“You’re lucky he’s okay or you’d be a dead man,” he says. He speaks softly, but there is menace in his tone. The man backs toward the stairs which lead to the restaurant, then turns and bolts up them. In a few minutes, he returns, followed by a squat bodied, round-faced man.

“I am Jo-Jo,” the squat man says. “This is my bakery! I own this place! What you doing? Why you attack Wang Lijun?! I call police!”

“Look, Mr. Jo-Jo,” River says. “I could call the police on you. But I won’t. Huck…” River gestures toward the glossy crow perched on his right shoulder.  “My pet bird was outside. In the street, a public street, when your Mr. Wang,” River carefully emphasizes the Mr., “ran out and tried to kill him.”

“Black crows bad luck,” Jo- Jo says.  “Crows trouble at elbow and armpit.  We want no crows here.”

“All crows are black!” Wang Lijun says.

“They may be black, but Huck is my pet. I raised him from a chick. Anyone who messes with Huck messes with me.”

Wang Lijun and Jo-Jo look into River’s unwavering eyes.

“Wang Lijun did not hurt him,” Jo-Jo says. “You take your bad luck and go!”

“He needs water,” River says, taking a small glass cup and filling it with water. Huck leaps down and perches on the rim. He takes a drop of water in his beak and tilts his neck back, letting the liquid trickle down his throat.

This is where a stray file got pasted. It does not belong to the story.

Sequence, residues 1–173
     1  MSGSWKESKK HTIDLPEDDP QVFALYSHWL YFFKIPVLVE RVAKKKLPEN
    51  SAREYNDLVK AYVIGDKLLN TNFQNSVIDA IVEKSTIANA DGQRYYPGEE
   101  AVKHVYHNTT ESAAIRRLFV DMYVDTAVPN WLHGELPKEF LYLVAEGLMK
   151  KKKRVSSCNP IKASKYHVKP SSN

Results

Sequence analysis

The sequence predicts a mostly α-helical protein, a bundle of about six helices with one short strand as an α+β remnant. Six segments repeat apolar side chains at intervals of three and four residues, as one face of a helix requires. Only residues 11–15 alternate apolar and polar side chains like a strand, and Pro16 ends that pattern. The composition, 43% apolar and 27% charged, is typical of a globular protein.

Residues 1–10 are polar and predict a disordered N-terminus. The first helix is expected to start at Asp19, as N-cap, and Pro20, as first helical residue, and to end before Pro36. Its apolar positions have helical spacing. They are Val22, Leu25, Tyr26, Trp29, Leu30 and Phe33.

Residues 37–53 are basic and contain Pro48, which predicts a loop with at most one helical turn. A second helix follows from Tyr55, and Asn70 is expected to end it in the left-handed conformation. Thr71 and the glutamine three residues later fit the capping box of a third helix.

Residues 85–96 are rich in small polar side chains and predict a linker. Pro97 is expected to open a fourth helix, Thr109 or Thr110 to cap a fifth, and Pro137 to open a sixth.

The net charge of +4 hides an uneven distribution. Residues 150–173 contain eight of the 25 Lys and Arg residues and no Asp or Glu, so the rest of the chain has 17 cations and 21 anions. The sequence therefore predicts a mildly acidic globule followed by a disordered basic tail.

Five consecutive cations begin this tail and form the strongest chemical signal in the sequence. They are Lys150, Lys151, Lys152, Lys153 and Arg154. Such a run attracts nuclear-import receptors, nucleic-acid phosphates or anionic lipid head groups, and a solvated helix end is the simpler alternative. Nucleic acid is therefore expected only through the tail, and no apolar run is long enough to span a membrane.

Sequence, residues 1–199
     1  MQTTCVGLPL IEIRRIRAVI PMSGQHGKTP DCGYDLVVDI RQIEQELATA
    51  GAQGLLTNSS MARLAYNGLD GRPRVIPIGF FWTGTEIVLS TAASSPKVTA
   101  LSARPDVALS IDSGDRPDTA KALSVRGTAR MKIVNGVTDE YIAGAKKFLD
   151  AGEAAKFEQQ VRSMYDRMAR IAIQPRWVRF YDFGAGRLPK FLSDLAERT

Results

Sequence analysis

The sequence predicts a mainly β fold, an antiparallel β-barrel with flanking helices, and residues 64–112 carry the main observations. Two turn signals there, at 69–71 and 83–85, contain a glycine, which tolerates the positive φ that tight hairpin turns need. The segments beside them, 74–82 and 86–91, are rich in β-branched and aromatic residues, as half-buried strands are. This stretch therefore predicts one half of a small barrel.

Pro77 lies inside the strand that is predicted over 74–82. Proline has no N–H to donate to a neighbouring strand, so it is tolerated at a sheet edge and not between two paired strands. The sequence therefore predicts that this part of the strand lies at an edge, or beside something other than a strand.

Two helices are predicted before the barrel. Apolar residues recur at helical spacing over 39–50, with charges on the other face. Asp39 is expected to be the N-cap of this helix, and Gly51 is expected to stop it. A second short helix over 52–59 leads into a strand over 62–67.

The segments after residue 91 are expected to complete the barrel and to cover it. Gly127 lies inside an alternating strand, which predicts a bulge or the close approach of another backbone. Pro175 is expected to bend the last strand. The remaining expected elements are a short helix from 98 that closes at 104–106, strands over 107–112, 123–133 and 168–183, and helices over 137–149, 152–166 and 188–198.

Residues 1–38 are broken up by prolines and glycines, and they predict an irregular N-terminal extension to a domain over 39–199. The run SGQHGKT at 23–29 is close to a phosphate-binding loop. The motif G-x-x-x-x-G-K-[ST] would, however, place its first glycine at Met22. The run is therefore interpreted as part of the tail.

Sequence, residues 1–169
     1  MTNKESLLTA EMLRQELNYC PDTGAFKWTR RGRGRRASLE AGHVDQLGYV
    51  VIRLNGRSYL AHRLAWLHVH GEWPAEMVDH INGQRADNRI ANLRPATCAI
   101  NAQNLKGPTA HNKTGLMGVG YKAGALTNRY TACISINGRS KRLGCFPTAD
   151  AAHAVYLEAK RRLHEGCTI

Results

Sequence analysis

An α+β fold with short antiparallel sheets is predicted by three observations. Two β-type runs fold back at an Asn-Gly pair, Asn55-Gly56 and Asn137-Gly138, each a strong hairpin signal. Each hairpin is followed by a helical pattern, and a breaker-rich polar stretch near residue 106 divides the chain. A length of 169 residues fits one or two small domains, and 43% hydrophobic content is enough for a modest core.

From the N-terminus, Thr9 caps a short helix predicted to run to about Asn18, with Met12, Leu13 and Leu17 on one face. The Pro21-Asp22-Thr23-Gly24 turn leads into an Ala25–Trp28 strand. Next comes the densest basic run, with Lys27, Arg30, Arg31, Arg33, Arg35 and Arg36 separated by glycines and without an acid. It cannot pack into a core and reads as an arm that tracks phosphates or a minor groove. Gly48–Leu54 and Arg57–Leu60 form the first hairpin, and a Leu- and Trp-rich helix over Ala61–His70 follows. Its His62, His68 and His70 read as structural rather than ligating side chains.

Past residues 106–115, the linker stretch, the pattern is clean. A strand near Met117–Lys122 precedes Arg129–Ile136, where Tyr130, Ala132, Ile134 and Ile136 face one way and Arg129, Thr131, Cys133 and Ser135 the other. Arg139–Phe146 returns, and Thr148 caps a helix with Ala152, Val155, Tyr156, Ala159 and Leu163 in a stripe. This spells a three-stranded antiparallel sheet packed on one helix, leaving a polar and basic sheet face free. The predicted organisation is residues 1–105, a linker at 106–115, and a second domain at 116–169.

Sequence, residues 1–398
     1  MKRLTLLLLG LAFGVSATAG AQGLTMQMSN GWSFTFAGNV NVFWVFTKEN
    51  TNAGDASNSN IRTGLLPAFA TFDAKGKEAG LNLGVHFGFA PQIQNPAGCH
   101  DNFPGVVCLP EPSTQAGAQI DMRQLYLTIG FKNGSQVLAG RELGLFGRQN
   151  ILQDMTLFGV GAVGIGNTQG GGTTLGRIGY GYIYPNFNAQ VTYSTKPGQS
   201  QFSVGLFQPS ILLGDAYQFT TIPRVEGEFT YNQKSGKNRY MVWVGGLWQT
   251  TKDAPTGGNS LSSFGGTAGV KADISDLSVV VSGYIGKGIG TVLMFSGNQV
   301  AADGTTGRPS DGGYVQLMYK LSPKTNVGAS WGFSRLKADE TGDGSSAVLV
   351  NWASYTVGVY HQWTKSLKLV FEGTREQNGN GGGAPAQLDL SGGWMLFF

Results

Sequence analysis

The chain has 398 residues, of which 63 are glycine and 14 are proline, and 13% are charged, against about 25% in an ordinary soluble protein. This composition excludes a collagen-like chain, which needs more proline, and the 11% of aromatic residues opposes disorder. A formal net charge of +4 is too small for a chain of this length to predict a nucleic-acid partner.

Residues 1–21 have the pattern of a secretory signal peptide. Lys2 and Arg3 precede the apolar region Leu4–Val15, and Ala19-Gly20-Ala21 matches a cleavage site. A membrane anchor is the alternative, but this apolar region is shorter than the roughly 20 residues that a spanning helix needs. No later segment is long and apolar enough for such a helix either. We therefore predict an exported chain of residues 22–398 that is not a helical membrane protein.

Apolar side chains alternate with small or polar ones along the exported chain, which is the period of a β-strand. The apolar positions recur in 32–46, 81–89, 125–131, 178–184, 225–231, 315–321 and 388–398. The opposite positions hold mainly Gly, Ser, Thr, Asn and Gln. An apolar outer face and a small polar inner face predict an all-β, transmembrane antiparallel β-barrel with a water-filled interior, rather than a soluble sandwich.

“Hey, hey!” Jo-Jo cries. “Dirty, black crow cannot drink from my cup.”

But, looking into River’s hard face, he does not move.

Another man races downstairs from the street. He says something in an excited voice to Jo-Jo, who shouts back. They argue, wildly flapping their arms, screeching like fighting birds.

“If he not deliver bakery goods, he will not have job!” Jo-Jo yelps. “He late again. The black crow has already brought me bad luck. I have no dessert already.” His voice rises in pitch. River thinks Jo-Jo might have a fit.

“Hey,” River says. “I can bake and I’m looking for work. Why not let me make you some muffins, cookies, brownies? I guarantee you they’d be popular. “

“What?!” Jo-Jo’s face is red as a newborn’s. “I never let a man with bad luck black crow in my kitchen.”

River shrugs and reaches out his arm for Huck, who hops onto his wrist and up his arm, resting on his right shoulder.  River ascends the stairs, Huck cawing in derision. River does not want to leave. He does not like the anger scenting the air with bitterness.

River returns home. He wants to bake. He wants to bake for Jo-Jo. He longs to submerge his hands in dough, to feel love and forgiveness seep out of his fingertips into batter, sticky as emotion. He wants to sweeten Jo-Jo’s distrust with sugar and vanilla, to mix suspicion with egg whites, beating it light and frothy until it rises, to melt like a dream in daylight.

Stopping in at Mario’s Italian Deli and Grocery, a block from his apartment, he buys flour, sugar, cinnamon, lemon, almonds, eggs, amaretto, orange juice, butter, and walnuts.  If River had arrived just ten minutes earlier, he would have met Gabriel leaving with chocolate, coffee, nutmeg, and wine.

River returns to his tiny room and begins mixing ingredients, encouraged by Huck, who after tasting a variety of batter, is promptly sick.